Like Montana Neosurrealism? Jim didn't see himself as part of any literary movement. Of course, he had affinities and preferences, but an aversion to categories and to theoretical talk, generally.

Q. Although he achieved a strong following in the United States, he was perhaps even more popular in Europe. Why do you think his overseas audience was so enthusiastic?

The European love of American Indians is a long story. When Buffalo Bill took the Wild West Show to Europe in 1889, Europeans were thrilled to be seeing what they considered the living remnants of a doomed race. That "doomed yet noble savage" stereotype may still retain its exotic appeal. (More than one European expressed disappointment that Jim didn't look "more Indian.") Certainly, many urban citizens in industrialized Europe seem drawn to the primitivist fantasies evoked by the concept of the American Indian. Jim's audiences responded enthusiastically to this accessible, clearly cultivated author whose lyric prose painted a vivid if unflinchingly realistic portrait of contemporary Indian reality.

Though the French deplore their decline in book readership, attendance at their book fairs and festivals would dazzle American publishers. Something like 35,000 people attended one weekend festival in St. Malo in 2001! Even if only 3 percent wanted Jim's book autographed, you can see he'd be mobbed.

Jim's greatest following was in France, where he was interested in how informed French audiences were about contemporary Indian affairs. In the U.S., audiences rarely asked him about Leonard Peltier or AIM; in France, invariably. He began to suggest to his audiences that they perhaps foisted their love of the exotic and unspoiled Other onto the Native Americans and might perhaps do well to turn their attention to the immigrant "exotics" in their own country.

Q. Apart from ethnicity, geography, and basketball skill, your husband does not seem to have had that much in common with the main characters of Winter in the Blood and The Death of Jim Loney. He was well-educated, ambitious, and, it seems, fundamentally upbeat about life. How do you think he was able to think his way into characters like Jim Loney and the narrator of Winter in the Blood?

When we read books, we all easily imagine ourselves as the characters, as an astonishing variety of characters with whom we share perhaps very little. I suspect that the first requirement for a writer of fiction is the ability to imagine himself or herself in the skin of characters who are not identical with oneself. Secondly, a writer inevitably writes that character out of some part of his or her psyche which knows and understands that person. In his very first published interview (1971), Jim had just begun Winter and said that the character had taken over from a rather autobiographical narrator. He was always finding his characters developing beyond his initial plans. That was the inventive aspect of the novel to which he was drawn.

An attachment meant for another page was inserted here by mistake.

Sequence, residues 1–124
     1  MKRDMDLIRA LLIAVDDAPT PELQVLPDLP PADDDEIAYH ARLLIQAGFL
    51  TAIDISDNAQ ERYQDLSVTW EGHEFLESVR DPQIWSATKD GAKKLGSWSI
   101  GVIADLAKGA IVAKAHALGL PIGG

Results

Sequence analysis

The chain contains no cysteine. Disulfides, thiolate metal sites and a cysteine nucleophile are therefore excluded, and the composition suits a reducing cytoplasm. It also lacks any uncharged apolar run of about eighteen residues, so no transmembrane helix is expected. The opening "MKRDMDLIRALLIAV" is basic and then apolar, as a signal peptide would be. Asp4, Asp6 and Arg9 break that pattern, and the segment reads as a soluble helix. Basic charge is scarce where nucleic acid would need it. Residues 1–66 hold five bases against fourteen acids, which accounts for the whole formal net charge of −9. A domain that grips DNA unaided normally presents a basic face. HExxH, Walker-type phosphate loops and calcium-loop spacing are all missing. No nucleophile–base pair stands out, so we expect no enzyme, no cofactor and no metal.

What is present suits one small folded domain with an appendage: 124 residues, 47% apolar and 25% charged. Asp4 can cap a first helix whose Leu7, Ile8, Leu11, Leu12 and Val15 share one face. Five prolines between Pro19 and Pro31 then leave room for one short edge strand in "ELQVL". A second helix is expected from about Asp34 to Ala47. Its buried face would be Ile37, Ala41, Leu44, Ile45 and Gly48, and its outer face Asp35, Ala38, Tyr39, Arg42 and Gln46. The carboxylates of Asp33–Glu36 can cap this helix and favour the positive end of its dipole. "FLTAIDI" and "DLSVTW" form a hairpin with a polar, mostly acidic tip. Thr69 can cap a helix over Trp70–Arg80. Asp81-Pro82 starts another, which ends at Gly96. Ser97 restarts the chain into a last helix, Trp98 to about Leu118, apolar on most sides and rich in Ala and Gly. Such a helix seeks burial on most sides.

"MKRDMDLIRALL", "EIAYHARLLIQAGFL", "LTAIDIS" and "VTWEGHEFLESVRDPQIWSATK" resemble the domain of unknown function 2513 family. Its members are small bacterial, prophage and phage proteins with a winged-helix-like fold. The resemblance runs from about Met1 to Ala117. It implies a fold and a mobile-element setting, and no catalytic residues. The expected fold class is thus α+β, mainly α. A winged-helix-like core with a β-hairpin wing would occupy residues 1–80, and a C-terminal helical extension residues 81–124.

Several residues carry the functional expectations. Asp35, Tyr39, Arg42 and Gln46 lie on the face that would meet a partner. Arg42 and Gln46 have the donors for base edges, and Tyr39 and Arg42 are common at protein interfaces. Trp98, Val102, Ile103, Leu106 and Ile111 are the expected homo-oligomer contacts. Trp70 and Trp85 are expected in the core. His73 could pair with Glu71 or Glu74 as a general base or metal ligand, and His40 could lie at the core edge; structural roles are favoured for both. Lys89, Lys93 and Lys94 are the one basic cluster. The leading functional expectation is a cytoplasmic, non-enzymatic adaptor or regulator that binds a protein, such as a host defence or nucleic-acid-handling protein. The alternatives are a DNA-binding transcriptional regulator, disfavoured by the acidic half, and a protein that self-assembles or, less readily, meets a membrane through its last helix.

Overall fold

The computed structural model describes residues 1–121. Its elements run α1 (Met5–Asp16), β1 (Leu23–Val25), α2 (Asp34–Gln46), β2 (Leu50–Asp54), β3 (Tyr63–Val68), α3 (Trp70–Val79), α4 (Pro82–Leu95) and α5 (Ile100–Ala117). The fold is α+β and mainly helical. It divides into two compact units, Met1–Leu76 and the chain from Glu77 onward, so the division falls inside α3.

Q. You yourself are a teacher and scholar of comparative literature and literary theory. How much did your husband involve you in his creative process?

You might be surprised at how little he involved me. We never sat by the fireside reading the day's writing to one another. When Jim had a draft he liked, he would offer me a poem or a section of a novel to read. Like most authors, he didn't talk about what he was writing while writing. Sometimes he would give me a chunk of a novel to read to test whether something in it worked or not. I wasn't any good as an editor, since I liked everything he wrote. I admire real editors and the kind of help they offer. I learned early on that if I were to question a particular word he used, he had a very good reason for using that word. He tended to write very clean manuscripts, so I offered very little but punctuation, occasional questions, and encouragement. He knew I would like his work, so he relied on others to give him editorial feedback.

Q. What influence did your husband's creative process have on you as a teacher and scholar?

Absolutely enormous. I'm astounded now when I read nonwriters (academics included) discussing writers' lives, the assumptions they make about literal connections between biography and the literary work. It's as though we don't want to listen to writers when they tell us that they are making it up, that imagination is freer than memory. I've been amazed at how different Jim's writing is from the details of his life, though I also